..., and 2.6% of the total number of kangaroos in the commercial zone. The four decades of records of the population sizes show that the numbers vary between about 5 million and 18 million for the western plains, where the counting has been consistent over the same area since the beginning of the surveys...
Journal Articles
Journal Articles
Journal Articles
Australian Zoologist (2022) 42 (2): 182–198.
Published: 31 August 2022
... KBAs. Of these, 18 KBAs had >15% of their area burned. Critically, for the management of intact and recovering forests, we show that the degree of forest integrity and ecosystem intactness affected fire severity: more degraded forests and ecosystems experienced higher severity burns in the protected...
Journal Articles
Journal Articles
Australian Zoologist (2022) 42 (2): 278–303.
Published: 24 June 2022
... in fauna populations in response to the fire. Detailed surveys for a range of mammalian fauna were undertaken twice a year from 2011 to 2019. The results from the comprehensive surveys showed that even with high intensity fire over a large portion of the landscape, habitat recovery is relatively quick...
Journal Articles
Australian Zoologist (2022) 42 (2): 386–461.
Published: 20 May 2022
... of which (58%) were re-confirmed. We also found 55 new occurrence records, 11 of which were in burnt and 44 in unburnt sites. Burnt and unburnt sites showed slight, yet insignificant differences in the redetection rate of species, which was generally low (on average 50–65%). Our data does not reveal...
Includes: Supplementary data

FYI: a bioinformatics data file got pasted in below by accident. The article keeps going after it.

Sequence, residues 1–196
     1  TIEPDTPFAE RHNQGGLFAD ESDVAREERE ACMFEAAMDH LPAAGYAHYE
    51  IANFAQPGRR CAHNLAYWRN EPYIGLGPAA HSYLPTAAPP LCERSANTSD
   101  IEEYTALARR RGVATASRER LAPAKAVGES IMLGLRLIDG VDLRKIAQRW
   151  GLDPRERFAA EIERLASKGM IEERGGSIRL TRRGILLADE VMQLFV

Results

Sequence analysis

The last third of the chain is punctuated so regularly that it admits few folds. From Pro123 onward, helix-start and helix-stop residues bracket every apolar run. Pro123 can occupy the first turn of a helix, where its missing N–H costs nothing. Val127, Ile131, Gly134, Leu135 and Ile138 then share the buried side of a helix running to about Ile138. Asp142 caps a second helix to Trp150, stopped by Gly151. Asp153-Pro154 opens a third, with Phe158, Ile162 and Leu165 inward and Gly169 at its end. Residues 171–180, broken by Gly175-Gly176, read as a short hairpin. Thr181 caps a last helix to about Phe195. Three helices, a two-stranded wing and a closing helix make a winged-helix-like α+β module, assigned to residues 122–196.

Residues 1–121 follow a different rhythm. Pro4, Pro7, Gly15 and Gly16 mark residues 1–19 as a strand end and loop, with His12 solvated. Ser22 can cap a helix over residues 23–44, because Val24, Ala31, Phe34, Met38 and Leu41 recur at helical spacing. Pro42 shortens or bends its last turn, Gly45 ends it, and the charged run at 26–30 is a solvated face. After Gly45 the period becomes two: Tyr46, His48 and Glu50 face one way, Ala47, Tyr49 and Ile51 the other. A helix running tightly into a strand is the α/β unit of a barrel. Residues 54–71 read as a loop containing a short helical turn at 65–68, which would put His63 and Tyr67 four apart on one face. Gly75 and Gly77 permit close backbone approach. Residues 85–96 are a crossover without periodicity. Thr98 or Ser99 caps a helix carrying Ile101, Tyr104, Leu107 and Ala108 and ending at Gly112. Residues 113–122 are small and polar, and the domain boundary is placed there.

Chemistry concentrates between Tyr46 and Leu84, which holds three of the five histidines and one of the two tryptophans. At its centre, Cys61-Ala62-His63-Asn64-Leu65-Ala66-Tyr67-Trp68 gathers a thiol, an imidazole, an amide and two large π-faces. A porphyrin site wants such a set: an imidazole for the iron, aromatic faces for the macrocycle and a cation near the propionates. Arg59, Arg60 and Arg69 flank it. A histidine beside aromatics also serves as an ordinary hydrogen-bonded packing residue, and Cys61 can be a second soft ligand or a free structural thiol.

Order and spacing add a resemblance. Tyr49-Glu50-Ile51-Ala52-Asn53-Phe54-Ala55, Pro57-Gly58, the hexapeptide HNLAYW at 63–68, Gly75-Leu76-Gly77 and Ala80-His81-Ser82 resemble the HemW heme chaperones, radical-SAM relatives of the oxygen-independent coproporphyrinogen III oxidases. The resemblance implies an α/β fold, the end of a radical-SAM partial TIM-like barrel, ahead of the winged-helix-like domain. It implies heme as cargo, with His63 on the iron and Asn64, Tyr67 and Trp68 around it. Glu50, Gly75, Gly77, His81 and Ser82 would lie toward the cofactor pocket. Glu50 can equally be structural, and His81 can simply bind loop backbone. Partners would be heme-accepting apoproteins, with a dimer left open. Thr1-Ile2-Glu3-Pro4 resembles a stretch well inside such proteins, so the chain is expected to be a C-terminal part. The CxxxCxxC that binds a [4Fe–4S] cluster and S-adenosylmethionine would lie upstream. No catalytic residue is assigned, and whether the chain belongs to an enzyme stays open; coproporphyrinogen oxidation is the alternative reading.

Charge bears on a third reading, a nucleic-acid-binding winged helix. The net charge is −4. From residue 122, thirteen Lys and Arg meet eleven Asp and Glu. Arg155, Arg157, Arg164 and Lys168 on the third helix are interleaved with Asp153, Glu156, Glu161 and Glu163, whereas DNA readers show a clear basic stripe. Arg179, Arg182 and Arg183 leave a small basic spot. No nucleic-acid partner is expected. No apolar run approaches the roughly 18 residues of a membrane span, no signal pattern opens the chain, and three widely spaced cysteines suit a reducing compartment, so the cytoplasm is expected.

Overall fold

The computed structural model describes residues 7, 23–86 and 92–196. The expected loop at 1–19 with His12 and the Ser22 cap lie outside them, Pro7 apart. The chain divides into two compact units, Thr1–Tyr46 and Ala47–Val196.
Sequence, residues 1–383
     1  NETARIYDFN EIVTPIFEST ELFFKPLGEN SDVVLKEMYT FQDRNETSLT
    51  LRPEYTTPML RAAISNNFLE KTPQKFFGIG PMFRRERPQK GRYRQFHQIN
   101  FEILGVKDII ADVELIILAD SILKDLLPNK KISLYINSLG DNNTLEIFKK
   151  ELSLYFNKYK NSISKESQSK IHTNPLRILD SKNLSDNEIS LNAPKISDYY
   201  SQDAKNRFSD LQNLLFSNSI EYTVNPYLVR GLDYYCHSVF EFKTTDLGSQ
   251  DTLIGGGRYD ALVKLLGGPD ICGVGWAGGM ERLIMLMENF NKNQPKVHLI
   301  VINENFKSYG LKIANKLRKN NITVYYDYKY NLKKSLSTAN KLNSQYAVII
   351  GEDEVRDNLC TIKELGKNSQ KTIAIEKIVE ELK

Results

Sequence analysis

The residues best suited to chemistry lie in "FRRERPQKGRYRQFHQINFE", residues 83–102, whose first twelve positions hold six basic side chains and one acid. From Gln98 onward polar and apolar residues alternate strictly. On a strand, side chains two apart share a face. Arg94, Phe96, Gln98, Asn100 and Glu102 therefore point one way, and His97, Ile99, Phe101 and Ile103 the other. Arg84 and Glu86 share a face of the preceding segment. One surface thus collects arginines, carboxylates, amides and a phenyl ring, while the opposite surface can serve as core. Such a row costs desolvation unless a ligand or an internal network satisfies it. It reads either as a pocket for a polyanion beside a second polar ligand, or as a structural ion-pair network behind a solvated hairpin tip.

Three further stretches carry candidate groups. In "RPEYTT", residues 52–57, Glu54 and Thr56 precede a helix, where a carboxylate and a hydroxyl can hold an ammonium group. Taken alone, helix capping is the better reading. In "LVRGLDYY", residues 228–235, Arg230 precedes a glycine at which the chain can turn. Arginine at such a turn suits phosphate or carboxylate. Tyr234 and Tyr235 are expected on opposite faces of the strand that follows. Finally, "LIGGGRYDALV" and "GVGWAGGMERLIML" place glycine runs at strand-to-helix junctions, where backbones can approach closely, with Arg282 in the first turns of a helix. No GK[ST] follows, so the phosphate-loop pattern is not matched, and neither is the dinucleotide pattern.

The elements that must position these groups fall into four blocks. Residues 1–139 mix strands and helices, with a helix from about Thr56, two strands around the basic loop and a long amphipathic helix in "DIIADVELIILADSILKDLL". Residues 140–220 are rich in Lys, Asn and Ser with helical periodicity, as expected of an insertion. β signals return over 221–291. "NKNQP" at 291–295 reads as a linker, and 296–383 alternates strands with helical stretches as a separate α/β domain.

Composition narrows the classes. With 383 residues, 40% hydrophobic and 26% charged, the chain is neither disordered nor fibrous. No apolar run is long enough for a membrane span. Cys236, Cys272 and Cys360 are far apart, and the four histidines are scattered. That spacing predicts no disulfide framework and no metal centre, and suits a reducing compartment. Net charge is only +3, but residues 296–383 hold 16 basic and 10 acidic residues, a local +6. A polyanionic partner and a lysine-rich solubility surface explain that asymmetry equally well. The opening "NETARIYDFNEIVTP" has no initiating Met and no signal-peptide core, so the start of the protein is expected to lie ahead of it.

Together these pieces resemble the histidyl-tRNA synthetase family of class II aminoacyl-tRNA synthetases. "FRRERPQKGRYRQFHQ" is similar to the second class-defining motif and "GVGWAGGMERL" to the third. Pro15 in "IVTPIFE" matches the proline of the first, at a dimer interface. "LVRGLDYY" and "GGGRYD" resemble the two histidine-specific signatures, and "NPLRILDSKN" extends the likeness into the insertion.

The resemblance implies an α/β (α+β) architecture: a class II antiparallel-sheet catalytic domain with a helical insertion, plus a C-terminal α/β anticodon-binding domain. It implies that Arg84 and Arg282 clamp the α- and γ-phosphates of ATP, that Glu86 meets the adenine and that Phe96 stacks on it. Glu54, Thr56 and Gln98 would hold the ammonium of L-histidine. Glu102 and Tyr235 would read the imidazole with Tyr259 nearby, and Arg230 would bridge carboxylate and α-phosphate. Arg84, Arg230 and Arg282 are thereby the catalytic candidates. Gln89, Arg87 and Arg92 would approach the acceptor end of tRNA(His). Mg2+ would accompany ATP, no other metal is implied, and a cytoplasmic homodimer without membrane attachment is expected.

Journal Articles
Australian Zoologist (2022) 42 (2): 217–222.
Published: 20 May 2022
... succumbed to the flames? A recent systematic review of fire-induced mortality showed that a surprisingly high proportion of vertebrates typically survive fire (>90%), and a growing body of research is demonstrating behavioural adaptations that might facilitate survival during fire. Behaviours that favour...
Journal Articles
Australian Zoologist (2018) 39 (2): 371–396.
Published: 01 January 2018
...Daniel Lunney ABSTRACT This paper a) gives an historical view of national parks and other protected areas since the 19th century, b) gives a history of national parks and nature reserves in NSW, c) shows how recent has been the recognition that fauna conservation depends upon protected areas, d...
Journal Articles
Australian Zoologist (2021) 42 (3): 719–732.
Published: 06 December 2021
... lyrebird is scant, and in the light of our data, unrepresentative of her repertoire, especially during her role as parental carer. We present a series of photographs, sonograms and accessible sound recordings. These show specific behaviours of the female as she enters and leaves the nest...
Includes: Multimedia, Supplementary data
Journal Articles
Australian Zoologist (2021) 41 (4): 663–688.
Published: 09 August 2021
...Michael C. Calver; Heather M. Crawford; Douglas Fletcher ABSTRACT The peer-reviewed Australian Zoologist , first published in 1914, is Australia’s longest-lived zoological journal. Its publication history shows changes in the zoological topics covered over the last 100 years, including the animals...
Journal Articles
Journal Articles